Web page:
The University of Wyoming (UW), the state’s only four year institution of higher education, is significant for its role in the development of Wyoming's human resources, industries, and institutions from territorial days to the present. As a land grant college, the school has traditionally provided residents of Wyoming with a broad education in the arts and sciences, while contributing to the intellectual, cultural, and economic development of the state. In addition to its important role in the history of the state, the UW campus is probably Wyoming’s best example of a designed landscape, and it contains distinctive buildings from all eras of the state’s history, most of them designed by prominent Wyoming architects and reflecting national trends in collegiate architecture.
Today, the campus occupies the equivalent of about 200 city blocks (785 acres) on what was originally the eastern edge of Laramie (the city has since expanded several miles to the east of campus). The original campus, or West Campus, was developed from 1886 until World War II, with building replacement and infill continuing to the present. The East Campus, east of Fifteenth Street, was developed starting in the 1930s with a fraternity row, and the campus continues to spread east and north today. Several homes in the surrounding University Neighborhood (now a National Register Historic District) have been purchased by the University and added to the campus.
The University of Wyoming was founded in 1886, when Wyoming was still a territory, on 10 acres of land donated by the city and an additional 10 acres purchased from the Union Pacific Railroad. Situated on a rise east of downtown, the campus grew up around what was originally called University Hall, now known as “Old Main” (1886). This Romanesque Revival building functioned as classroom, administration office, library, and cafeteria, and early photos show it standing alone, on a treeless plain with no other buildings in sight. By the early 1890s, grading was initiated, grass was planted, and a flagstone walk was installed connecting Old Main with Ninth Street to the west. An ambitious tree-planting campaign was initiated in 1892. Landscaping was a continuous process, and gradually improved the appearance of the campus. Around 1905, a diagonal stone walkway was installed connecting the southwestern corner of the campus to Old Main. A 1918 catalogue noted that, “with the extension of the system of walks and drives, the grounds are taking on the aspect of the traditional college campus.”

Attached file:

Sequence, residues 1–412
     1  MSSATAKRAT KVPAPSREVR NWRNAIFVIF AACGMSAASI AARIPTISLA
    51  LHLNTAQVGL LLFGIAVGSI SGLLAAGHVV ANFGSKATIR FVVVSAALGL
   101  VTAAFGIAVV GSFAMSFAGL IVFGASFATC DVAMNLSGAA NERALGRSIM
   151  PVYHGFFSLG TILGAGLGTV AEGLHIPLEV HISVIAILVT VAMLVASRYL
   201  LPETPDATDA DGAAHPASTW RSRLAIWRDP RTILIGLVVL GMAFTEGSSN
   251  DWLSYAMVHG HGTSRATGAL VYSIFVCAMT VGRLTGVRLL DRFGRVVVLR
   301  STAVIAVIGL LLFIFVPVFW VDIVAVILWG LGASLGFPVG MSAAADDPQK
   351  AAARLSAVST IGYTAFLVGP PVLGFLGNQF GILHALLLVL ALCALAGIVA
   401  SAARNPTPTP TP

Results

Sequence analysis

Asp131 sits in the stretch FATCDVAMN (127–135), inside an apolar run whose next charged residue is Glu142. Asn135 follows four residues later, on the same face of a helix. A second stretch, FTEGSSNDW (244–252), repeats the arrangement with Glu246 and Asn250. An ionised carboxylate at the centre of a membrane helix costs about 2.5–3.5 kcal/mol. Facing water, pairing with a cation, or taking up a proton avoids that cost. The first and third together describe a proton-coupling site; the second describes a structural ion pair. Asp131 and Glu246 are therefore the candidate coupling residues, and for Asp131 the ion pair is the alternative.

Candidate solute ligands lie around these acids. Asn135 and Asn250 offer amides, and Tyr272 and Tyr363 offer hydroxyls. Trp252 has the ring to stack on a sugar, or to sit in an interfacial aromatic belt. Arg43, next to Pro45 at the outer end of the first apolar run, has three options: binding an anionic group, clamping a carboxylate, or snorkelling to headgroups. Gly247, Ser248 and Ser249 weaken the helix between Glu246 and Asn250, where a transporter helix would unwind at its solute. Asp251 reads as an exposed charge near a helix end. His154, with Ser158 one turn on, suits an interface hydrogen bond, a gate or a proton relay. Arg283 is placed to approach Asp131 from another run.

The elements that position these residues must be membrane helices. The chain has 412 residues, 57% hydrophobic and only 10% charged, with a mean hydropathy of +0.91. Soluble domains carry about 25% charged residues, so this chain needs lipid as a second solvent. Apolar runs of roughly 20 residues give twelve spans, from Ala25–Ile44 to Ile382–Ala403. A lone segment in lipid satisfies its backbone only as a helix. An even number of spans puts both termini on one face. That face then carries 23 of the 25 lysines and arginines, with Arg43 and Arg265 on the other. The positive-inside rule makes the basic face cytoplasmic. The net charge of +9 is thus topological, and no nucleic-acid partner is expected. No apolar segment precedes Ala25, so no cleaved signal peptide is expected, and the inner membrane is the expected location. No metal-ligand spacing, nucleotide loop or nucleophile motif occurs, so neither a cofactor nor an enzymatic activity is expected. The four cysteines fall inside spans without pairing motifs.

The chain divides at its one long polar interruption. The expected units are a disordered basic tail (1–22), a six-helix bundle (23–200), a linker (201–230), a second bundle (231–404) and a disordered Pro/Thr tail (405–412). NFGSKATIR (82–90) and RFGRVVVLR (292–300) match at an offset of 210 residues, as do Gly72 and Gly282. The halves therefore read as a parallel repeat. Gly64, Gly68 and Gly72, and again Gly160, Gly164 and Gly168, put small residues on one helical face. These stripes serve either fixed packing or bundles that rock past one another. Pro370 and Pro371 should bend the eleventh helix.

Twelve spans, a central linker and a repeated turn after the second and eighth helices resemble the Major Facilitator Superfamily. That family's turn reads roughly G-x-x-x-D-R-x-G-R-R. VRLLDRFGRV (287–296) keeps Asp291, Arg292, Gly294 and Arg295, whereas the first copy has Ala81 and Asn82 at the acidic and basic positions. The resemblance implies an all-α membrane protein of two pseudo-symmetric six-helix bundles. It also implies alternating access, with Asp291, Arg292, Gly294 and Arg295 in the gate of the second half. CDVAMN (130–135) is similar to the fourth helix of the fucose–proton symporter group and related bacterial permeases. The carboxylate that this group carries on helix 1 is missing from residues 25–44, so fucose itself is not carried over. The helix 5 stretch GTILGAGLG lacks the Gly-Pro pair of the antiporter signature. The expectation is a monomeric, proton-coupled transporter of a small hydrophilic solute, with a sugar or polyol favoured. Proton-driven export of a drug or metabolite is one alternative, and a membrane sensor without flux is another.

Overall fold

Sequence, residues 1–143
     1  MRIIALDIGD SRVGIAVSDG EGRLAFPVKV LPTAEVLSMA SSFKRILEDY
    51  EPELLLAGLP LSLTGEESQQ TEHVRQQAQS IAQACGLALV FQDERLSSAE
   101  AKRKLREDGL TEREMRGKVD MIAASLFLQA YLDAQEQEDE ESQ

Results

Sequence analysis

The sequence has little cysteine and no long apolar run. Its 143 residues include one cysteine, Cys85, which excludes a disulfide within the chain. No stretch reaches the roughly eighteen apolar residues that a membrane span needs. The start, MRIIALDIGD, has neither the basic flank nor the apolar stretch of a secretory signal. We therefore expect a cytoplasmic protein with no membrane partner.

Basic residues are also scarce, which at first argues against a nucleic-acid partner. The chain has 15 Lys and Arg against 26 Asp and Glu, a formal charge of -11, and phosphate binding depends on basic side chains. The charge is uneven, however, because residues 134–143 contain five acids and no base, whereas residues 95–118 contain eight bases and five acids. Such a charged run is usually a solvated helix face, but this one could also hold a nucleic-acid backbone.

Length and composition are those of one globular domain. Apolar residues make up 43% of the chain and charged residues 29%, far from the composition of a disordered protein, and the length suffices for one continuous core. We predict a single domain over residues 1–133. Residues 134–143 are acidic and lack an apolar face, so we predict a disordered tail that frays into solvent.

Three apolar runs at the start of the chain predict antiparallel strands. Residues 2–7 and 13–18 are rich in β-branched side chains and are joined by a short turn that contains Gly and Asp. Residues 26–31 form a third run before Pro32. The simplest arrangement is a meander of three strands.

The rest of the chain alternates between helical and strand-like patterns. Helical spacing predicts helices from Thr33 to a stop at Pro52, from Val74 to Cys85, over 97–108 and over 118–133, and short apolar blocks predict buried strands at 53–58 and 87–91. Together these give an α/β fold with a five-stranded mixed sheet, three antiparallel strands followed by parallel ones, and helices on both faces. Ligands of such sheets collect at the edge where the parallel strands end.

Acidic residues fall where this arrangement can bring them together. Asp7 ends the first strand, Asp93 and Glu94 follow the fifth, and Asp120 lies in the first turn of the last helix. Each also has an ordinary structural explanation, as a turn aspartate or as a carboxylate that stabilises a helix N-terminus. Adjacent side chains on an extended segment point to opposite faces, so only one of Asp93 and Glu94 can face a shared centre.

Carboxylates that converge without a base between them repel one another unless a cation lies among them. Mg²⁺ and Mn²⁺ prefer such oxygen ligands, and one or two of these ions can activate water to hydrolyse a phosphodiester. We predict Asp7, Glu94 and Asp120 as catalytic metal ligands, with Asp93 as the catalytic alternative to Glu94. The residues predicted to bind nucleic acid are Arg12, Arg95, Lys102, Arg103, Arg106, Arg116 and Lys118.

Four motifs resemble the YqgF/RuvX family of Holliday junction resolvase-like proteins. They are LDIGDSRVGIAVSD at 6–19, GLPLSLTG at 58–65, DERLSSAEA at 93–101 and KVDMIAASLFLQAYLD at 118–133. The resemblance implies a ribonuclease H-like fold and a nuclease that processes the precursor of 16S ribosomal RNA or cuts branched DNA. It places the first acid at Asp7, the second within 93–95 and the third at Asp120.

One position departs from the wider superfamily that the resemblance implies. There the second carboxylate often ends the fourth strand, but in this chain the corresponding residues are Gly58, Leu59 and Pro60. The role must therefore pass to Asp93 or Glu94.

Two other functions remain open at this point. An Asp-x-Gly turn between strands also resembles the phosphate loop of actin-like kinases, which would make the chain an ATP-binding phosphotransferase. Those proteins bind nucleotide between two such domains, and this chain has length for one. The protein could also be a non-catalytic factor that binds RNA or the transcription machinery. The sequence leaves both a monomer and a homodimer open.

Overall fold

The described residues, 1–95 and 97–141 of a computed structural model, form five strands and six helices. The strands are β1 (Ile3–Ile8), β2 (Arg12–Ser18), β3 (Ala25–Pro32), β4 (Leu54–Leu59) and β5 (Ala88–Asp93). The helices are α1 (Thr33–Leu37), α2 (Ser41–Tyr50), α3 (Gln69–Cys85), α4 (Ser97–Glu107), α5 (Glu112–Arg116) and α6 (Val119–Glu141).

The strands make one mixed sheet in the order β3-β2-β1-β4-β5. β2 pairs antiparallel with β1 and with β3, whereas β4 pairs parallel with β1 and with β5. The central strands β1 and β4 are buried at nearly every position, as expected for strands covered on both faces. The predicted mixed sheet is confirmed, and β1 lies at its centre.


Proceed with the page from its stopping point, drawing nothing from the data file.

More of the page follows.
The early growth of the university was somewhat haphazard, with land and buildings added as they were needed and when funding was available. A “Hall of Science” was built to the north of Old Main in 1902, followed by Merica Hall, a women’s dormitory in 1907 and then Agricultural Hall (later Biochemistry, 1914) and a second dormitory (Hoyt Hall, 1916/1921). In all, 7 new buildings (of which 4 remain) were added between 1902 and World War I. Old Main and the two dormitories bounded an open, park-like space that remains today because the state legislature declared it a state park in the 1950s to prevent it from being developed.
A growing number of students, especially after World War I, led to a campus expansion to include more housing, a new library, an engineering building, and a gymnasium. Fortunately for the university, oil was discovered on university-owned land in 1916, and within five years the state legislature appropriated funds from oil royalties to support the building campaign. UW President Arthur Crane championed the idea of a campus plan to avoid “piece-meal and haphazard” construction. The university hired architect Wilbur Hitchcock, a member of its own faculty, and the Denver-based landscape architecture firm of McCrary, Culley and Carhart to develop plans for a “Greater University.” The 25-year campus master plan the design team developed in 1922–1924 reoriented the campus around a central open space surrounded by a quadrangle of buildings northeast of Old Main. The space, which came to be known as Prexy’s Pasture (1928), functioned as a commons for students to gather, socialize, and exchange ideas. In addition to laying out walkways, roads, building sites, landscaping, and utilities, the plan conceived a standardized architectural image, through the use of design guidelines developed by Hitchcock with the assistance of New York architect Raymond Hood.